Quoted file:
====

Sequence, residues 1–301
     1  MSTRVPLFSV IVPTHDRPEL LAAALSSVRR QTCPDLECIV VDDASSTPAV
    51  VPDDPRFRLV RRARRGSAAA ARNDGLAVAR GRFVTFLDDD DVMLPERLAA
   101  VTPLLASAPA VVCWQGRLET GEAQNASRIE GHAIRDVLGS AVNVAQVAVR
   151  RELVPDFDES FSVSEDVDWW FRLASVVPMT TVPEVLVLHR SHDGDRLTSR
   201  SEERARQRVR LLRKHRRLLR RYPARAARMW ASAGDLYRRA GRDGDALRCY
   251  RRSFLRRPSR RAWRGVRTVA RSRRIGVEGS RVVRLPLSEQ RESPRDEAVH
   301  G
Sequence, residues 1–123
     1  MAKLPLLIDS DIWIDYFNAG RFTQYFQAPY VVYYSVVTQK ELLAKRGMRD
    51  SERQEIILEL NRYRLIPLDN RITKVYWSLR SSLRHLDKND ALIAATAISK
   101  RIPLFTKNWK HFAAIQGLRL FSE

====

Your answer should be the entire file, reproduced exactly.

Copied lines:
Sequence, residues 1–301
     1  MSTRVPLFSV IVPTHDRPEL LAAALSSVRR QTCPDLECIV VDDASSTPAV
    51  VPDDPRFRLV RRARRGSAAA ARNDGLAVAR GRFVTFLDDD DVMLPERLAA
   101  VTPLLASAPA VVCWQGRLET GEAQNASRIE GHAIRDVLGS AVNVAQVAVR
   151  RELVPDFDES FSVSEDVDWW FRLASVVPMT TVPEVLVLHR SHDGDRLTSR
   201  SEERARQRVR LLRKHRRLLR RYPARAARMW ASAGDLYRRA GRDGDALRCY
   251  RRSFLRRPSR RAWRGVRTVA RSRRIGVEGS RVVRLPLSEQ RESPRDEAVH
   301  G
Sequence, residues 1–123
     1  MAKLPLLIDS DIWIDYFNAG RFTQYFQAPY VVYYSVVTQK ELLAKRGMRD
    51  SERQEIILEL NRYRLIPLDN RITKVYWSLR SSLRHLDKND ALIAATAISK
   101  RIPLFTKNWK HFAAIQGLRL FSE